Myth Busting: Compact Fluorescent Lights, CFLs
There is mercury in compact fluorescent lights, CFLs, which means they are dangerous to have in your house and difficult to dispose of once they are dead.
It is true there is some mercury in CFLs, an average of about 4mg according to the EPA, that is about one hundredth of that in an old-fashioned mercury thermometer. Special care should be taken when cleaning up a broken bulb and disposing of old ones. The environmental and financial advantages of switching to CFLs, however, are so great that the EPA, among other groups, highly recommends switching to them asap.
Clean-Up and Disposal of Broken and Old CFLs
For clean and disposal of broken CFLs, see the EPA's website on mercury handling and safety: EPA on mercury
To dispose of unbroken bulbs, Home Depot nationwide (1,973 stores) are now taking used CFLs and disposing of them safely.
Advantages of CFLs
Some of Your CFL Questions Answered
Should I wait until all of my incandescent bulbs burn out?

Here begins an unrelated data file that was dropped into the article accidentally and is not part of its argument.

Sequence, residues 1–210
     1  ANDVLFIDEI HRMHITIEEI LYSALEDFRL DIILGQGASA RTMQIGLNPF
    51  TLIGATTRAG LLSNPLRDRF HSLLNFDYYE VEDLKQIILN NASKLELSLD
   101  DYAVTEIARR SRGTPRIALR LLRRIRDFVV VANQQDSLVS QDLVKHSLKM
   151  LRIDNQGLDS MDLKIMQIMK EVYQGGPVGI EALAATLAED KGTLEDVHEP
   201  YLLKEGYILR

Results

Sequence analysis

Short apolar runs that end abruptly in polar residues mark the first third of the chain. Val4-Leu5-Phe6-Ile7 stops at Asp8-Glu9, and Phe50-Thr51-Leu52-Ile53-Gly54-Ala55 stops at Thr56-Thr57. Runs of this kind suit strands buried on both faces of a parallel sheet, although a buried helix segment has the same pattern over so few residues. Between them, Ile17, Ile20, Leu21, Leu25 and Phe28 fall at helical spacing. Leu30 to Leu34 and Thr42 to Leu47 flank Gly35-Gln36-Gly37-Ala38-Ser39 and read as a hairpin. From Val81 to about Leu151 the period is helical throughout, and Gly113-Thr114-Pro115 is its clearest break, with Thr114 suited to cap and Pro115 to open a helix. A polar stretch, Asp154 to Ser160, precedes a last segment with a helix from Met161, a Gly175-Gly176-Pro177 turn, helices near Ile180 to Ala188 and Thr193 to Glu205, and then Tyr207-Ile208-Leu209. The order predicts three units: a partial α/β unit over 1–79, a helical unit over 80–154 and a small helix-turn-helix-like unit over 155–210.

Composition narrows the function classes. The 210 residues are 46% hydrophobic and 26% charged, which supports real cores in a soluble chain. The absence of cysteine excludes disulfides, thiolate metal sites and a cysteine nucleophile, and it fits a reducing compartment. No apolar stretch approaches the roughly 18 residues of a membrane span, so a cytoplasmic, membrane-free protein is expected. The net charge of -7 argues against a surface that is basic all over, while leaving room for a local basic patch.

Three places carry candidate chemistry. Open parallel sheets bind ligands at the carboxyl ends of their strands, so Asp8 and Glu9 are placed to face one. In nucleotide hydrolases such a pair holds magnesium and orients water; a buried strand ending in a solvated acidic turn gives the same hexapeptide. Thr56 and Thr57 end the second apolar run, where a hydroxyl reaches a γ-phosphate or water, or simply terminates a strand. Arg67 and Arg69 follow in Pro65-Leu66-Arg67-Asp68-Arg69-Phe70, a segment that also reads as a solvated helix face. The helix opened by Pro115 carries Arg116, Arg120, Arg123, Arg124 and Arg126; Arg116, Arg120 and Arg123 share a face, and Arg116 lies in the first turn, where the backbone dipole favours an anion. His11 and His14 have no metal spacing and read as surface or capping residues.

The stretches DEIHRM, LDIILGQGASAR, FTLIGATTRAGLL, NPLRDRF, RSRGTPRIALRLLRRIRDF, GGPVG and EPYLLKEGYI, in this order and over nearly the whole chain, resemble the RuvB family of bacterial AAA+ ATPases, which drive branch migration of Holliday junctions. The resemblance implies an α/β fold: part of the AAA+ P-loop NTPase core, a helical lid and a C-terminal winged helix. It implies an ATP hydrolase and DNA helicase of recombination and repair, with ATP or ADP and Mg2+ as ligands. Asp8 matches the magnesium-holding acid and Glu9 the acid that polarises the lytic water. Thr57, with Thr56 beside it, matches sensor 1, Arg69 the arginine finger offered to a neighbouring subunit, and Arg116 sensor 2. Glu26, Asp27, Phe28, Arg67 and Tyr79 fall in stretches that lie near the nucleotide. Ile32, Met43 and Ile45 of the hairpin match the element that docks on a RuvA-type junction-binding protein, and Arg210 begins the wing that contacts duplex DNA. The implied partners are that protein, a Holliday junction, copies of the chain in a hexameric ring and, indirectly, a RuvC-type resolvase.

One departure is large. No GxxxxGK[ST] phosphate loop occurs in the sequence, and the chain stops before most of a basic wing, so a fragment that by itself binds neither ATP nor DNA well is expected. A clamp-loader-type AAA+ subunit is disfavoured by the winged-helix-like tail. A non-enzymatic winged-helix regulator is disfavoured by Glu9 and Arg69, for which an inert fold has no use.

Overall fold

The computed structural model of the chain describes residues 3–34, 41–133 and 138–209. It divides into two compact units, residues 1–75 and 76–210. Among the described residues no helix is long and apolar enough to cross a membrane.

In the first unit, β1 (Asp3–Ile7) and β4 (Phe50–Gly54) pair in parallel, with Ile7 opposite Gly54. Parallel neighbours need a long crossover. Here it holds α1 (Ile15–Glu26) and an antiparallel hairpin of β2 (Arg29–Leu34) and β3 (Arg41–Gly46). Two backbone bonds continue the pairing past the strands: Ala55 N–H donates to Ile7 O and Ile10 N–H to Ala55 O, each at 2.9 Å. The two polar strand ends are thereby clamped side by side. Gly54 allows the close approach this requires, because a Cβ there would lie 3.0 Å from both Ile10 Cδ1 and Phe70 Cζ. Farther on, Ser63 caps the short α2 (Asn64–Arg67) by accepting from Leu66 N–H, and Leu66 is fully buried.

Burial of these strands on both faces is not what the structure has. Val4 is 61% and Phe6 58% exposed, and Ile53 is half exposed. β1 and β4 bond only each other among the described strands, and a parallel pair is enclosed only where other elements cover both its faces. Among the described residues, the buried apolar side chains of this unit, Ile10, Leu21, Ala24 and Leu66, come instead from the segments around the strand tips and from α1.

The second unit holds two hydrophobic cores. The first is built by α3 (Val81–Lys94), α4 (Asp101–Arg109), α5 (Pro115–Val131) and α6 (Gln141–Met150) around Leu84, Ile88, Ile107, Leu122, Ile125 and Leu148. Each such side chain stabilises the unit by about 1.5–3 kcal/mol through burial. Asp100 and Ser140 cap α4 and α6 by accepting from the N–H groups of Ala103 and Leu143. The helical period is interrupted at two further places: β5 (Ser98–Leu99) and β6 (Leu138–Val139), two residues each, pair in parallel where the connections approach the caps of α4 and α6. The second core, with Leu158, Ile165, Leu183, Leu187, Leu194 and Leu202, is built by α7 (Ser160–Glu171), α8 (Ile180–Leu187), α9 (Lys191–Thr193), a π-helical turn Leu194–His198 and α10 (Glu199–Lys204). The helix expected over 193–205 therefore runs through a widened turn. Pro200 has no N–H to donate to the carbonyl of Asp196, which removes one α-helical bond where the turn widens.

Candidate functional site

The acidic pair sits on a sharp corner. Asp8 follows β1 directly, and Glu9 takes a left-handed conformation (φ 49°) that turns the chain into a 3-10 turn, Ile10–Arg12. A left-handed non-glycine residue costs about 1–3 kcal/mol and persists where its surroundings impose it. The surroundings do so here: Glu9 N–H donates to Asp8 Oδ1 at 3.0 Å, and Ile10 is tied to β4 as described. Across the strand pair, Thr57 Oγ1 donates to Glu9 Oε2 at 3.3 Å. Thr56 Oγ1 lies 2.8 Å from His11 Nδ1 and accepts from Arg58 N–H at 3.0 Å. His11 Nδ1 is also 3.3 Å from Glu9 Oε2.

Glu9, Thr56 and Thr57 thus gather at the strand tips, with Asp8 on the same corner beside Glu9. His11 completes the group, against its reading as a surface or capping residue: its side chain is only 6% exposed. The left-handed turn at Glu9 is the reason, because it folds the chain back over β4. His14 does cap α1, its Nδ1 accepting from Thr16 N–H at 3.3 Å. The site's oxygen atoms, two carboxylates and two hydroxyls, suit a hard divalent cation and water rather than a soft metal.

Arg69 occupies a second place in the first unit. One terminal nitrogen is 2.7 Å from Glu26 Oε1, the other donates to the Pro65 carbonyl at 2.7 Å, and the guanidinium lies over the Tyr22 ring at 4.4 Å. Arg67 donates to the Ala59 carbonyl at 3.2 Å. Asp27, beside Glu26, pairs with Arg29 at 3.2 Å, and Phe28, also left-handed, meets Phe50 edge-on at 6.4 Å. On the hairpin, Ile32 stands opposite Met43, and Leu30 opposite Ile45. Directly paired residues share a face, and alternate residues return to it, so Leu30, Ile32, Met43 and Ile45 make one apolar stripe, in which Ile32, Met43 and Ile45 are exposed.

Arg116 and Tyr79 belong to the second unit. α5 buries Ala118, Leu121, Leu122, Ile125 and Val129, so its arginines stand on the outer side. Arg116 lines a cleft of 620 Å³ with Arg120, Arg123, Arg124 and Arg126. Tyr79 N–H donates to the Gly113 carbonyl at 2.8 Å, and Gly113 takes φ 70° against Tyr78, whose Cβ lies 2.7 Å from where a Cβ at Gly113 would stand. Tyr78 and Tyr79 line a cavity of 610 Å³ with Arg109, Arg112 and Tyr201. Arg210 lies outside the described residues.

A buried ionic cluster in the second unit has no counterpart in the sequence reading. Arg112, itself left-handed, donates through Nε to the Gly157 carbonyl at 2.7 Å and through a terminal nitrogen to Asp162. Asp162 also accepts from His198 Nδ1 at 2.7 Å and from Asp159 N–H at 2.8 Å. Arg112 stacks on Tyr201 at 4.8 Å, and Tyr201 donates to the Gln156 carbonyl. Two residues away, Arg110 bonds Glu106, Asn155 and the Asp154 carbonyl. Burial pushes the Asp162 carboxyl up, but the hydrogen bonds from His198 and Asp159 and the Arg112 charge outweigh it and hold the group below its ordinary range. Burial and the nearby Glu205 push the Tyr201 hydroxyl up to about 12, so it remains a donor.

No. Even if you change out a new incandescent bulb for a CFL you will save money and energy. A CFL can save around $12 a year, so if you wait for your old ones to burn out you'll be paying for the privilege.
How much will they cost?
You can get a four pack of 14W (equivalent to 60W incandescent) CFLs bulbs at Home Depot for around $9. Each bulb will last 10 times as long as a 60 W incandescent and can save you $30 or more in electricity costs over the lifetime of the bulb.
What will I do with all the old incandescent bulbs?
If you hate to throw out working bulbs, you can keep them and just use them in places where you need bright light for a short period of time, such as your closet or the garden shed. But remember, even if you replace them now, you will save money.
Can I get CFLs to fit decorative lamps?
Yes, there is a variety of sizes and shapes available. If you don't see what you want on the shelf, ask for help.
CFLs use less energy than incandescent bulbs, so you won't need as high a wattage to get the same amount of light. For example, a 22 watt CFL will give the same amount of light as a 100 watt incandescent bulb. We have become used to defining bulbs by their energy up-take rather than their light output, but the CFL packaging will explain how to compare the two.